The DDR3 based 6450 misses out on the bulk of the scores because it is unable to perform denoising in a proper manner. When AMD was contacted about this, they admitted the issue and indicated that they were working on a fix. However, they pointed out that the problem was only for standalone files and not Blu-ray discs. To our surprise, we found that denoising worked properly in PowerDVD irrespective of ESVP when the HQV Benchmark Blu-ray was used! We decided not to let that alter the scores above. Blu-rays are already mastered carefully, and don't need as much post processing as local files from recorded TV shows or camcorder files. The low score of the DDR3 based 6450 will probably improve a great deal after driver updates, but we will consider only playback of files on the hard drive in the rest of this review.

HTPC Testbed Custom Refresh Rates
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  • qwertymac93 - Monday, June 13, 2011 - link

    What the heck are you talking about? Reply
  • velis - Monday, June 13, 2011 - link

    A great review. Provides all the answers one could wish for and even gives some further hints.
    I sure hope you have something like this lined up for llano.

    If I may suggest a couple or three things:
    Perhaps you should also mention reclock - it will solve most 23.976 and similar problems... It's not like many will detect that the video is running 1/24000th faster. Plus it's insanely easy to use.
    I understand you couldn't just post full blown images for space problems, but those thumbnails require too much work too. Is it possible to display a popup of sorts when one mouse-overs those thumbnails?
    Also a vertical line showing 60FPS in those DXVA tests would be great :)
    Reply
  • ganeshts - Tuesday, June 14, 2011 - link

    I will pass on your request(s) to the person in charge of the graphing engine :) Reply
  • Salfalot - Monday, June 13, 2011 - link

    What might have been a nice option is to see what sound levels the cards produced. Even it was only for the GT430 and the HD6570. I know that the decibels can differ between manufacturers but it would have been nice!
    For the rest a very nice detailed review between HTPC cards. I was deciding which card to buy so this helped a great deal! I was only looking between the HD6450 and the HD6570 but the GT430 is a better option than the HD6450.
    Reply
  • nevcairiel - Monday, June 13, 2011 - link

    HDMI Audio is purely digital, there is no diference based on what card you use.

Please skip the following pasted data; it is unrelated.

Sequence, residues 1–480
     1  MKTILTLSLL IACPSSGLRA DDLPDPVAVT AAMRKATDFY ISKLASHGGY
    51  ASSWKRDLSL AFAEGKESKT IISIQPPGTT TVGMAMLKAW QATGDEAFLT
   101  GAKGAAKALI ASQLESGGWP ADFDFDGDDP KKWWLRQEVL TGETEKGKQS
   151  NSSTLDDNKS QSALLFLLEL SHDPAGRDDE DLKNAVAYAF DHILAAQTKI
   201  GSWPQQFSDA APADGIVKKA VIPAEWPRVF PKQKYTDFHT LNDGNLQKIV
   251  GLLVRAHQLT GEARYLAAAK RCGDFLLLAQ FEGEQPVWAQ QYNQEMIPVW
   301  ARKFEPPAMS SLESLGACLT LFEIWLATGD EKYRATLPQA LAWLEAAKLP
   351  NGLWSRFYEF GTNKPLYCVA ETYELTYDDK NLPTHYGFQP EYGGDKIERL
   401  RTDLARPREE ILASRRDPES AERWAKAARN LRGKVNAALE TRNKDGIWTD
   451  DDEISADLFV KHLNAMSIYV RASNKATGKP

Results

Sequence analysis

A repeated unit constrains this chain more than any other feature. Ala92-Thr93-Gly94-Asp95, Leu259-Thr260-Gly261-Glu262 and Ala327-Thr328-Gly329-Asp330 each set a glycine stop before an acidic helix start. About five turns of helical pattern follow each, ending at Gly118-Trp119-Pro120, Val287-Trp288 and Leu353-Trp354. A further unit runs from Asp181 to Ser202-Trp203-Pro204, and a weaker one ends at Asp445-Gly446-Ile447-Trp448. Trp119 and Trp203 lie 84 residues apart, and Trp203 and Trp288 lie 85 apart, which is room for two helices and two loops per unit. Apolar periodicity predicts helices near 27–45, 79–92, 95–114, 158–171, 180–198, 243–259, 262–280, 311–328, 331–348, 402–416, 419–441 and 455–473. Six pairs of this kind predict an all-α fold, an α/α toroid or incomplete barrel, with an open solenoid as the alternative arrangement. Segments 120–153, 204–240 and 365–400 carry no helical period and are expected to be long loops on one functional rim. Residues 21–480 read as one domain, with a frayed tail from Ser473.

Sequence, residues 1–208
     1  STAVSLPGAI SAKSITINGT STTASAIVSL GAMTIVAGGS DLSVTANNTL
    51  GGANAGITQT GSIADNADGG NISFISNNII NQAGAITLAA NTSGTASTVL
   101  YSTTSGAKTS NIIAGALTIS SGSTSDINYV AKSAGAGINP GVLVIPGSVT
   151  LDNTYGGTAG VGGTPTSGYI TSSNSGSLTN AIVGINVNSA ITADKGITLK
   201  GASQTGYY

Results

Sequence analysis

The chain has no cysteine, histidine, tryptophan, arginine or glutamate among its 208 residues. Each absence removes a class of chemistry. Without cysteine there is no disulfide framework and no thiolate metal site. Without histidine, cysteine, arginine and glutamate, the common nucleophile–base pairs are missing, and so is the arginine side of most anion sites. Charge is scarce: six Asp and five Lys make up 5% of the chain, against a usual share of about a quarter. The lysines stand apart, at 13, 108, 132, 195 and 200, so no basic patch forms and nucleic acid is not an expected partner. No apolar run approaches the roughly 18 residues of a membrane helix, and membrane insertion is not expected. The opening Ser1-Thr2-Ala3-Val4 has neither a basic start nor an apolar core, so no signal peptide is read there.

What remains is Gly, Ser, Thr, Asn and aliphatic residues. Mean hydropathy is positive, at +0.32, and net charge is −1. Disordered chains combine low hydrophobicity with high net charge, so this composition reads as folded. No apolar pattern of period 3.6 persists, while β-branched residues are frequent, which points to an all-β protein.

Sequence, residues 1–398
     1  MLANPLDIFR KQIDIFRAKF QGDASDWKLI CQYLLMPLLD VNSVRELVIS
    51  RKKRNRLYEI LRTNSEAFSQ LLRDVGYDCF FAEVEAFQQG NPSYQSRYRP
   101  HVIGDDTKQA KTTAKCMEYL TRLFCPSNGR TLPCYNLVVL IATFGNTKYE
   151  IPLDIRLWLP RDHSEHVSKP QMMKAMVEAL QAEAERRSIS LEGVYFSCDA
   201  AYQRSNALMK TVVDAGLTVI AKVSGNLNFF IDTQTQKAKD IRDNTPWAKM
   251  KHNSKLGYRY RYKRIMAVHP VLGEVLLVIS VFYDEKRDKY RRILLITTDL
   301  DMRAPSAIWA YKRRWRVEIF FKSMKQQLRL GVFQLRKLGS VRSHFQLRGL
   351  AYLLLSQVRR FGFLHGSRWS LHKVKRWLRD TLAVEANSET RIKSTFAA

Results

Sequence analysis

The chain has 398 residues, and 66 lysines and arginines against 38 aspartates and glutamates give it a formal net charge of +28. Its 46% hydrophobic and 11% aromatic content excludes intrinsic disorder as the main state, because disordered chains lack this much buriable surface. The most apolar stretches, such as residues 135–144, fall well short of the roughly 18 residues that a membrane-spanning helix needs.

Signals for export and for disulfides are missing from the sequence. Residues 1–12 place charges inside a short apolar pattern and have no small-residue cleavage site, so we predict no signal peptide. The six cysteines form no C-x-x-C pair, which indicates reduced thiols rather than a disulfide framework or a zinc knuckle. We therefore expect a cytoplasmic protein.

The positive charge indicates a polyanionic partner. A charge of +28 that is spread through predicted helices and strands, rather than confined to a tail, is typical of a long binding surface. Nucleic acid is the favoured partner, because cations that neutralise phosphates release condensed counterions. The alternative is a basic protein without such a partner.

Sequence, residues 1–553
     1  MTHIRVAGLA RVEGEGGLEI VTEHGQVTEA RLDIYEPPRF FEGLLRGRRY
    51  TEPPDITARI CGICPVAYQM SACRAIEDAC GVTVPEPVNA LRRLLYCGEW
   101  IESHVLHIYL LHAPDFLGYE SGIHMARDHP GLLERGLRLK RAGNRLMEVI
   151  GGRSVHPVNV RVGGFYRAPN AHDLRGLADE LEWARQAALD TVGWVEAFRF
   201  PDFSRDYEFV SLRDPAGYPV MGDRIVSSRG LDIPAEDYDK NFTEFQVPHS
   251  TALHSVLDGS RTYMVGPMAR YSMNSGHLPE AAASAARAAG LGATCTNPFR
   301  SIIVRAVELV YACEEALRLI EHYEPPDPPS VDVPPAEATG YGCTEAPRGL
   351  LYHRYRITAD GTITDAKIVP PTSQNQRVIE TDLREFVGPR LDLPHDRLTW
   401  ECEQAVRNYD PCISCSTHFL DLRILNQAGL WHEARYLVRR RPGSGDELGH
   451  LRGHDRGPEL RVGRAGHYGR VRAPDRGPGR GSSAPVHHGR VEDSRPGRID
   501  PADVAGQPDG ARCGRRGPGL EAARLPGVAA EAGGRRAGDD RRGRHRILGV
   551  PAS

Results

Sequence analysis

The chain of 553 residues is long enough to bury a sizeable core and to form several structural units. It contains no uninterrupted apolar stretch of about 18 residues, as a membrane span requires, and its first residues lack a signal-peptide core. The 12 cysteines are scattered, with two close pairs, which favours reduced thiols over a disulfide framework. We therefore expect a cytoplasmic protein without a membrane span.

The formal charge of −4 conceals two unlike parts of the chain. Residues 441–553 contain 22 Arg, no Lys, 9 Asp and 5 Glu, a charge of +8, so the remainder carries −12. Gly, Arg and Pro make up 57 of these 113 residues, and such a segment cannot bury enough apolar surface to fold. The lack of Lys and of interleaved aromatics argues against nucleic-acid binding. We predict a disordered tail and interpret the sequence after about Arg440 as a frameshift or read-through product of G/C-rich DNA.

It depends on the audio decoder, and your receiver at the other end of the HDMI link, the HDMI sound card on those cards does not change the audio.
    Reply
  • Salfalot - Monday, June 13, 2011 - link

    I think I did not use the right word, as I meant the levels of decibel the fan of the cards produce and not the audio too and through speakers.
    All reviewed cards have a fan on them and since most of the HTPC setups are in the living room it would have been nice to know which of the cards are most silent.
    Reply
  • ganeshts - Monday, June 13, 2011 - link

    Though we considered cards with fans in this review, we made it a point to note that the same configuration (GPU model + DRAM bus width + operating frequencies) can be obtained with passive cooling from other vendors.

    For example, the 6570 has a passively cooled model from HIS with the same config and Zotac has a passively cooled 430 too. Other vendors have also demonstrated passively cooled models in Computex.
    Reply
  • cjs150 - Monday, June 13, 2011 - link

    Firstly, a truly informative article. Very high quality.

    The fact that none of AMD, Intel and Nvidia can lock onto to the correct frame rates is unforgiveable. It is not as though these frame rates have changed over the last 6 months. It should not be necessary to be an advanced HTPC user and delve into custom creation of frame rates.

    I really hope that the representatives of AMD, Intel and NVidia are hanging their heads in shame at such basic errors - sadly I doubt they care.
    Reply
  • Grasso789 - Monday, January 28, 2013 - link

    The mistake is rather with Microsoft. Video playback speed should be adapted to the refresh rate of the grafx card. There is a software called Reclock doing that. Then, for example 23,996 Hz can be run with a monitor refresh rate of n times 24 Hz. (The same with audio, because bit-perfect transmission only works with synchronization.) In the end and for most sources, the RAMDAC needed only (multiples of) 24, 25 and 30 Hz. In any system, one of its parts should be the clock master, while the other parts serve. Reply
  • casteve - Monday, June 13, 2011 - link

    Excellent review, Ganesh! Your HTPC insight/reviews have been missed. Reply